News / Asia

UN Survey Finds 6 Million Pakistani Drug Users

A drug addict leans on a wall after injecting himself with a dose of heroin on a street in Rawalpindi, Pakistan, Feb. 14, 2012.A drug addict leans on a wall after injecting himself with a dose of heroin on a street in Rawalpindi, Pakistan, Feb. 14, 2012.
x
A drug addict leans on a wall after injecting himself with a dose of heroin on a street in Rawalpindi, Pakistan, Feb. 14, 2012.
A drug addict leans on a wall after injecting himself with a dose of heroin on a street in Rawalpindi, Pakistan, Feb. 14, 2012.
Ayaz Gul
Pakistan’s first comprehensive survey on drug use, conducted with the help of the U.N.’s anti-narcotics agency, reveals that a substantial portion of the country’s population suffers from the devastating consequences of substance use. 

U.N. officials say the extensive survey of drug use in Pakistan is the first of its kind in south and west Asia, and provides a baseline for the government to plan effective polices to deal with the growing problem.

The research estimates that nearly six percent - or 6.4 million adult Pakistanis - used drugs in the last 12 months. It says cannabis, or marijuana, is the most commonly consumed drug in the country, with four million people users.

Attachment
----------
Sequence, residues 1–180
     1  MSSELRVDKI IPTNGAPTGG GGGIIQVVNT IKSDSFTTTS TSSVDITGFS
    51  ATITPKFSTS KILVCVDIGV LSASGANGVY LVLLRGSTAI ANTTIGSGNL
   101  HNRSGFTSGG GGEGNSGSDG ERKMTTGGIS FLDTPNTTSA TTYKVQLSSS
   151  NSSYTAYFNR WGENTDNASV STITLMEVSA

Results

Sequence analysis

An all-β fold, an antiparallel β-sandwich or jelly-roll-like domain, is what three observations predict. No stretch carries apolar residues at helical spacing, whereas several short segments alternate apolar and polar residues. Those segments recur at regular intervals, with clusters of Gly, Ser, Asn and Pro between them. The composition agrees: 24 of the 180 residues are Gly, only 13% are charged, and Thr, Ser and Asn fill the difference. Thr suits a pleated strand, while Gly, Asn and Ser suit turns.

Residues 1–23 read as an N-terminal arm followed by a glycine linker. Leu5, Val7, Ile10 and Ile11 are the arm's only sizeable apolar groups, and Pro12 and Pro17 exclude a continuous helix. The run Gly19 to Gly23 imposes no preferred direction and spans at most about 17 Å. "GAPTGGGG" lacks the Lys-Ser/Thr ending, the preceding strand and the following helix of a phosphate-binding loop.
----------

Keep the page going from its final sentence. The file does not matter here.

Moreover, the report says opium and heroin are used by almost one percent of drug users in Pakistan, and a majority of them are in provinces that border Afghanistan.

Jeremy Douglas, country director for the United Nations Office on Drugs and Crime, hailed the survey as a significant step forward in Pakistan’s anti-drug efforts.

“Now we can speak with some authority about how many drug users - in, say, Khyber-Pakhtunkhwa or Baluchistan vis-a-vis Punjab - we can say what types of drugs people [are] using, how they [are] using them, and then we can come up with health-based interventions for the population. So it is really a big milestone for the government,” he said.

Douglas says provincial health and education officials need to address the drug issue if they want to make effective use of the survey findings.

“Because at the moment they don’t offer any drug treatment, provincial governments, and because they run the hospitals and the health networks, if there is going to be any success on the health side they have to do it," he said. "And same on education: provinces run education, so they have to pick up and start [to] use provincial campaigns for their schools to educate children not to get into drugs.”